2. Your particular audience: A novice writer might dream of his or her words reaching a wide general audience, such as anyone passing by the best-selling books display in a Barnes & Noble store. However, most writers appeal to a certain segment of the book-reading population, often to people who are similar to the writer. A naturalist will likely attract readers who love spending time outdoors. Beyond simply thinking about the marketing of your books, think about who you are most likely to influence with your work. Will your writing reach young parents, new retirees, or college students? Is your writing complex or easily accessible? As a Christian writer, are you writing for someone new to the faith or a lifelong believer? Once you understand your particular audience, you can choose words and illustrations most effective for your readers, thus defining an aspect of your writing voice.

3. Your principal message: At the intersection of your passion and your experience, your principal message develops. You will feel most fulfilled as a writer when you write about topics that matter the most to you. Your readers, in turn, will sense your interest and excitement. You will produce your highest quality work when you write in your area of expertise. When writing articles for publications to augment your work as an author, try to choose topics that complement the messages that readers take away from your books. This focus will help you build a loyal base of readers and maintain a consistent writing voice.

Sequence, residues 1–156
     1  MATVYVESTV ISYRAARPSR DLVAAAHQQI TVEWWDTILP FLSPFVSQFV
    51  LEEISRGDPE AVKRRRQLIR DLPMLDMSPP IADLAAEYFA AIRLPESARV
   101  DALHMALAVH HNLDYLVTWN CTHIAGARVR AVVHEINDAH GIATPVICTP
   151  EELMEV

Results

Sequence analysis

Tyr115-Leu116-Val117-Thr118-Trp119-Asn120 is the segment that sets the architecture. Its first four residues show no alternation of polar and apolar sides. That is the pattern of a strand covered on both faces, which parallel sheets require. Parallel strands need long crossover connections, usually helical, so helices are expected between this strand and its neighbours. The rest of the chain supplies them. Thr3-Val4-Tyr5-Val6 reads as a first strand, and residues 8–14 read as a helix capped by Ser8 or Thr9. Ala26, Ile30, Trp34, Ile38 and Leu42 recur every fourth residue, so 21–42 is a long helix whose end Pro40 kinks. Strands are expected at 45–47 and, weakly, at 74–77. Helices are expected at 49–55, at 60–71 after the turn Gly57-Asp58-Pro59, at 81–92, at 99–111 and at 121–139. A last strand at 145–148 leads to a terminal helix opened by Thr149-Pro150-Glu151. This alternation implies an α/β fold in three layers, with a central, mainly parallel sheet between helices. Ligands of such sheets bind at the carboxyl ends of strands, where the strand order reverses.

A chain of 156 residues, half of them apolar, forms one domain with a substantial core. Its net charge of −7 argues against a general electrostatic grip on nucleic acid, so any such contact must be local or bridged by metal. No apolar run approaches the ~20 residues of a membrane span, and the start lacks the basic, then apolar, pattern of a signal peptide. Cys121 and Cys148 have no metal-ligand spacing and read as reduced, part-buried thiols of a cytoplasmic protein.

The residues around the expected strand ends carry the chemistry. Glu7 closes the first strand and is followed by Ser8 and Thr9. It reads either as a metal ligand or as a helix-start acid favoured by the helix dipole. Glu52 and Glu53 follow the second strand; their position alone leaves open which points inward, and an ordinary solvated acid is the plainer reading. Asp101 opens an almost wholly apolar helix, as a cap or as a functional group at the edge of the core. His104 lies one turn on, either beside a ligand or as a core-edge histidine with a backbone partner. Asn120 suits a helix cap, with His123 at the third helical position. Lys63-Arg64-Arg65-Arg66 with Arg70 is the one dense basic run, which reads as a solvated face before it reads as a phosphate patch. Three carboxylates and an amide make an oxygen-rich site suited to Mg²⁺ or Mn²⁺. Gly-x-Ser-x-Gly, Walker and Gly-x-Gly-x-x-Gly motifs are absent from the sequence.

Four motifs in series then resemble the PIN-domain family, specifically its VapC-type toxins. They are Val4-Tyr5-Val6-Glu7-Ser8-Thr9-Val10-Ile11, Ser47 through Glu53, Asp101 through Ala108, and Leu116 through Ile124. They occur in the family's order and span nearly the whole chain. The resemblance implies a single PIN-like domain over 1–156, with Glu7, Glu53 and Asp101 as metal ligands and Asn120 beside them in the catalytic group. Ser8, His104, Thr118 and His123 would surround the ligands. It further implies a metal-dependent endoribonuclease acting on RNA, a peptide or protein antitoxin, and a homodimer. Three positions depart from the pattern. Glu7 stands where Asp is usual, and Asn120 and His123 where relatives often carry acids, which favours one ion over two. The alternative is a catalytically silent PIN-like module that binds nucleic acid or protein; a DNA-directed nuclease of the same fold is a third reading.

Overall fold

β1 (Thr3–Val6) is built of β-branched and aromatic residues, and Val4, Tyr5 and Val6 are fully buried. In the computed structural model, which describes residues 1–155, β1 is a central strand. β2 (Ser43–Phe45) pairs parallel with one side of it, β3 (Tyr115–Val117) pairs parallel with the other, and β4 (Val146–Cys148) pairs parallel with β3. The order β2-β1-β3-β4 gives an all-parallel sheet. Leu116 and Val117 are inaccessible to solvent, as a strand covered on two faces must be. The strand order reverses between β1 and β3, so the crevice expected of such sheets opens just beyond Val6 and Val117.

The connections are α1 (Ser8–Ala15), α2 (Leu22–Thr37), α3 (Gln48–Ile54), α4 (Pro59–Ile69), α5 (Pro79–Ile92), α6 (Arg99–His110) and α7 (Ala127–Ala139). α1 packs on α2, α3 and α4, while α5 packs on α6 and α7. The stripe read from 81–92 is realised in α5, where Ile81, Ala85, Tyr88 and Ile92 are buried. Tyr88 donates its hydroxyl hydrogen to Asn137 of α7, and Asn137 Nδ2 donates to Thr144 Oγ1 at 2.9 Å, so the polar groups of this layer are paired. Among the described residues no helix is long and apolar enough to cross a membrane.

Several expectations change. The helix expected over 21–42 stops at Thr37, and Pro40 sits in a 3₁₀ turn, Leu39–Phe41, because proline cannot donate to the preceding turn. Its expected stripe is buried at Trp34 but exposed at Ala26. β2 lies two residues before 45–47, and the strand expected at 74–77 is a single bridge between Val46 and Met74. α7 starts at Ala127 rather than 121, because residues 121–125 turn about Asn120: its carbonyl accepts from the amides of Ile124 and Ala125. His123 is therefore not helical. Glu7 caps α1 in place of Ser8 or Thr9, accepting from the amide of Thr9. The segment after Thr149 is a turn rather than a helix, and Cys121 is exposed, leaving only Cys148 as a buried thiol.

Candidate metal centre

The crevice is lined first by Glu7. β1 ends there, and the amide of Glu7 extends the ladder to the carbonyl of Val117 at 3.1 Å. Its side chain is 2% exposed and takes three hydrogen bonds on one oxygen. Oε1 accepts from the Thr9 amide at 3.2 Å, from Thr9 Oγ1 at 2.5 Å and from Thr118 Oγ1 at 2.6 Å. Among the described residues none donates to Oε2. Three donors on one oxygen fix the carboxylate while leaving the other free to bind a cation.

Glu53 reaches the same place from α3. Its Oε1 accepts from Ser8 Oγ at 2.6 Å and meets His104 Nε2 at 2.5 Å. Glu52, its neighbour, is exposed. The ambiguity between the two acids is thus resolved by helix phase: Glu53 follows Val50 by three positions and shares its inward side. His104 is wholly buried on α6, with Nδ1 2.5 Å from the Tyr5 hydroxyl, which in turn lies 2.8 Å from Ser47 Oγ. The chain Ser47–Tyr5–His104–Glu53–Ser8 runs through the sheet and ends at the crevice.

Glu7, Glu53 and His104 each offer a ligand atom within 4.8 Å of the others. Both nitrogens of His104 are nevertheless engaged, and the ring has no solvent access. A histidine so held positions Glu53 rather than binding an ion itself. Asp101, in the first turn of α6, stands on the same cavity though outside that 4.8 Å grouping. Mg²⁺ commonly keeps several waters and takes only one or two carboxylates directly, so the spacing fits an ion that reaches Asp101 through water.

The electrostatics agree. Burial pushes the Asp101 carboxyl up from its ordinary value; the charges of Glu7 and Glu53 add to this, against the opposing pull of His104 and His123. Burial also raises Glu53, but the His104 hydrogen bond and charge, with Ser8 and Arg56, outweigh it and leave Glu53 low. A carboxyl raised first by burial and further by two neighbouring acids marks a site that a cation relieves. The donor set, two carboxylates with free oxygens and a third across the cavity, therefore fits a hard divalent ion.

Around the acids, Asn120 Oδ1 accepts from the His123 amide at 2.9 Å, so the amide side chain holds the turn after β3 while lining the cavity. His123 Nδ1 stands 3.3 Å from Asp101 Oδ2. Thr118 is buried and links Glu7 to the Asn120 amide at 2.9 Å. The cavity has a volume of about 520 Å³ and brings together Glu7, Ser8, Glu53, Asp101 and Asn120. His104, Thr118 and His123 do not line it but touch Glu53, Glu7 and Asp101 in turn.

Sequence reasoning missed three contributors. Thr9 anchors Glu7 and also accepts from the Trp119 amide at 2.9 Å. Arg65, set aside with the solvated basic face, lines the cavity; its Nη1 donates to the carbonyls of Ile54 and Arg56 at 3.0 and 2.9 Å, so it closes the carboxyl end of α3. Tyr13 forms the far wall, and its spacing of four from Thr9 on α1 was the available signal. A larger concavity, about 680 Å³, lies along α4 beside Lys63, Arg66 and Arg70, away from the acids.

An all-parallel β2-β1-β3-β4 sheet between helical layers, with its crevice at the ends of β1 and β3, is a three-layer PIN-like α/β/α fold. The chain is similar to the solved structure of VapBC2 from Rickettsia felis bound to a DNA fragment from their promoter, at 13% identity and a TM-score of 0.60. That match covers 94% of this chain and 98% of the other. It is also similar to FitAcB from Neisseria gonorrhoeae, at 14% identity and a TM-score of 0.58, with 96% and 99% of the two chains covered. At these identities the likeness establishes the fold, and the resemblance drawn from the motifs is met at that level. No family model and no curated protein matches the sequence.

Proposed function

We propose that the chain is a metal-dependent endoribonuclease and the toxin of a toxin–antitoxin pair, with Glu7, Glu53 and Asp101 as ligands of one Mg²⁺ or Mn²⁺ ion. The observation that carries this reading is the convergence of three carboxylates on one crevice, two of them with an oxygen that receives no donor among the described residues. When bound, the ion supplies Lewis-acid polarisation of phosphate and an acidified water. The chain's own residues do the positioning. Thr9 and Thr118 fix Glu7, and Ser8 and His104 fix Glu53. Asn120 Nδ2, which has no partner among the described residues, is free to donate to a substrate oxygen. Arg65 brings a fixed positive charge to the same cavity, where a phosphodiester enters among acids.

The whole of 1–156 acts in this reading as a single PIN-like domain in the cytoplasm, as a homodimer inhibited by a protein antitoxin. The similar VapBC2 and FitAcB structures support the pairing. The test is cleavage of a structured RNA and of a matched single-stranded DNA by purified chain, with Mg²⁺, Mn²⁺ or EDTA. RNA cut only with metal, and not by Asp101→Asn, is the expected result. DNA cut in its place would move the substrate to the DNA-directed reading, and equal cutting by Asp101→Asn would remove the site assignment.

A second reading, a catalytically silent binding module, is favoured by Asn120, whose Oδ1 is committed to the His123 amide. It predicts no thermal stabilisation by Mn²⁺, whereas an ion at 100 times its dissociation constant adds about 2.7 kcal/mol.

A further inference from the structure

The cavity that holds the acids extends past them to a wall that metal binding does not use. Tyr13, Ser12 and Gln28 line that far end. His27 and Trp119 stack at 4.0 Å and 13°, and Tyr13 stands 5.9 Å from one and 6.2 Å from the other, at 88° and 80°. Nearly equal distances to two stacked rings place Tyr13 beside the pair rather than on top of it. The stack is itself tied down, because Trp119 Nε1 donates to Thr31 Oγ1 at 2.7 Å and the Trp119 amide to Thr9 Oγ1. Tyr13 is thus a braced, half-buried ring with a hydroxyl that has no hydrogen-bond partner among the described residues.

What has helped you find your voice as a writer?

 

Becoming Social Media Savvy

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The World of Social Media

If you want to become a published author in today’s world, you need to embrace social media. Some aspiring authors may be very comfortable with social media and already have a large and successful online platform. However, many people preparing to write their first book may have a platform established in another way, such as through teaching, speaking, or published articles, and the world of social media may be foreign to them.

Here are a few tips for new authors looking to expand their social media presence: